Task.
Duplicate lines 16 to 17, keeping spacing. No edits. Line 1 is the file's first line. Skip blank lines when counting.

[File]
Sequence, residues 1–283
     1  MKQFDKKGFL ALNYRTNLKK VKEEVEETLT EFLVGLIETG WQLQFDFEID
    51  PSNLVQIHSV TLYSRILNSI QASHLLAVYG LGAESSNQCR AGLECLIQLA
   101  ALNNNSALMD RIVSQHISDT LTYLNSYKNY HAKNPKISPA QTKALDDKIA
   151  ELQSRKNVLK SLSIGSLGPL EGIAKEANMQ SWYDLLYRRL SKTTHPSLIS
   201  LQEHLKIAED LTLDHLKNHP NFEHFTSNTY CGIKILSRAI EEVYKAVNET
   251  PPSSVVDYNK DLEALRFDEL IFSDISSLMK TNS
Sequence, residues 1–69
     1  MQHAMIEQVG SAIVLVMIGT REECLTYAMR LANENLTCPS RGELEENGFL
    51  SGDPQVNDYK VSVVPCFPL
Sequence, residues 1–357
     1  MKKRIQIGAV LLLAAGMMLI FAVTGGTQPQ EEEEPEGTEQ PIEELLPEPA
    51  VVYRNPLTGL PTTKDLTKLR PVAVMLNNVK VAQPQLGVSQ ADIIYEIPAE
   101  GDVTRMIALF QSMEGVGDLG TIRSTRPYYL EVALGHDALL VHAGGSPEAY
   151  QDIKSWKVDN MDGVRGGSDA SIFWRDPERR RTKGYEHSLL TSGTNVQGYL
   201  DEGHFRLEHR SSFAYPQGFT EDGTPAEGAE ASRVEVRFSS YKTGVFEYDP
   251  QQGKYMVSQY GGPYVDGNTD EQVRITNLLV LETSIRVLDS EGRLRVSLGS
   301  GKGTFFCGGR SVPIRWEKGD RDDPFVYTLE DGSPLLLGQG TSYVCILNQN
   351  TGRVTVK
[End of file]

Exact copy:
   201  DEGHFRLEHR SSFAYPQGFT EDGTPAEGAE ASRVEVRFSS YKTGVFEYDP
   251  QQGKYMVSQY GGPYVDGNTD EQVRITNLLV LETSIRVLDS EGRLRVSLGS